Okay, so if yesterday I thought the UN was a dramatic soap opera, today it’s reached a whole new level. I’m currently watching four grown men in suits stand at a podium, seconds away from a punch up. It’s kind of like Courtenay Place on a Saturday night. In fact the conference chair (whose role in this situation seems to be resident UN bouncer) just screamed into the microphone ‘call security, call security!!’. So, here’s a quick summary of what’s being going on over the past four days:
1. Opening ceremony = a chance for Poland to show off
The opening ceremony took place at the Royal Palace of Wawel with the likes of Polish President Andrzej Duda and UNESCO Director-General Irina Bokova speaking to a crowd of over a thousand. From my observations, although spectacular, this ceremony was an opportunity for Poland to brag about its incredible historical architecture and for the various delegates/ambassadors to butter one another up before the action really began. Cynical - yes? But definitely true.
2. Major controversy and plenty of awkward moments
On a serious note, many of the delegates here are saying that something incredible happened today. They’re arguing that UNESCO waded into a political argument by ignoring advisory bodies’ recommendations and making Hebron old city a Palestinian world heritage site. Hebon is extremely contentious - it has major significance for both Muslims and Jews and is located in the West Bank - hence the major showdown that took place in the plenary room this morning. Following a secret ballot, Israel’s UNESCO ambassador stormed out of the session, saying that there was ‘a plumbing issue in his toilet and that this was more important than the decision adopted’.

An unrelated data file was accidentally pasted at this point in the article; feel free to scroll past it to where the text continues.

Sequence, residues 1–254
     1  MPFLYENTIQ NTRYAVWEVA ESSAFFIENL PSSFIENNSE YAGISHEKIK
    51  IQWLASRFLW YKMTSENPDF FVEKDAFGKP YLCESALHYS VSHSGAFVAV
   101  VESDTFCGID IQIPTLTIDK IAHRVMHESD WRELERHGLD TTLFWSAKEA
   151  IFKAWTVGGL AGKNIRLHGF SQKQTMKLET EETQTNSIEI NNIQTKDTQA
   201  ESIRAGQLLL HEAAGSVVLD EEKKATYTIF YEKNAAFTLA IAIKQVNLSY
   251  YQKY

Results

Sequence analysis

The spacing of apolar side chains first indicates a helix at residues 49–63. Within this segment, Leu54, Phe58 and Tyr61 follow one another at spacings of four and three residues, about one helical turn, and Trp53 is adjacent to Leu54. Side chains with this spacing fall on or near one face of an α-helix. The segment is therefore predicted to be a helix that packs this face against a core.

3. No barrier for Great Barrier
Another controversial moment was when UNESCO decided not to place the Great Barrier Reef on its list of sites ‘in danger’. This is despite serious concern over coral bleaching as a result of increasing sea temperatures. Despite coral bleaching having occurred continuously for two years, the decision was made to not place Great Barrier on the danger list.
4. The Viennese saga
In contrast, the city centre of Vienna was placed on the danger list, due to plans for a ‘high rise project’ that would arguably undermine the area’s historical value. The proposed project includes plans for a new hotel, a high-rise apartment building reaching 66 metres and fitness facilities. UNESCO argued that the maximum height for any buildings in the city centre should be 43 metres and subsequently placed the site on the danger list, much to the embarrassment of Austria’s UNESCO ambassador.
5. And the next 5 days?
There’s still a wee while to go - we only just started discussing nominations for new UNESCO sites today. Given our recent experiences, there is bound to be more yelling, more debating and hopefully more prosecco at the closing party. I’ll let you know.
All posts by Institute delegates reflect their own thoughts, opinions and experiences.